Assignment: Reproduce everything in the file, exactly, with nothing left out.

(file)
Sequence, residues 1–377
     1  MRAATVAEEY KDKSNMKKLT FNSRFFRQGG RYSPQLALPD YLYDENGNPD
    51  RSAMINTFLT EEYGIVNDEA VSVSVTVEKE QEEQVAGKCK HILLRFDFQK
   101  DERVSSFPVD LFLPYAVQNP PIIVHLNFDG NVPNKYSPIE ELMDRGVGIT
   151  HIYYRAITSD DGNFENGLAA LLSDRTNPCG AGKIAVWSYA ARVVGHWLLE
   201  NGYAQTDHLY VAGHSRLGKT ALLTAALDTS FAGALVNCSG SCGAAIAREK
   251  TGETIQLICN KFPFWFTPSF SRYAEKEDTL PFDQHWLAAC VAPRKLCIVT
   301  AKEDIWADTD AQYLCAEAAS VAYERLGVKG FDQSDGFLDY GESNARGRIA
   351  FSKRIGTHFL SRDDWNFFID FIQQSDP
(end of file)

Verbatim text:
Sequence, residues 1–377
     1  MRAATVAEEY KDKSNMKKLT FNSRFFRQGG RYSPQLALPD YLYDENGNPD
    51  RSAMINTFLT EEYGIVNDEA VSVSVTVEKE QEEQVAGKCK HILLRFDFQK
   101  DERVSSFPVD LFLPYAVQNP PIIVHLNFDG NVPNKYSPIE ELMDRGVGIT
   151  HIYYRAITSD DGNFENGLAA LLSDRTNPCG AGKIAVWSYA ARVVGHWLLE
   201  NGYAQTDHLY VAGHSRLGKT ALLTAALDTS FAGALVNCSG SCGAAIAREK
   251  TGETIQLICN KFPFWFTPSF SRYAEKEDTL PFDQHWLAAC VAPRKLCIVT
   301  AKEDIWADTD AQYLCAEAAS VAYERLGVKG FDQSDGFLDY GESNARGRIA
   351  FSKRIGTHFL SRDDWNFFID FIQQSDP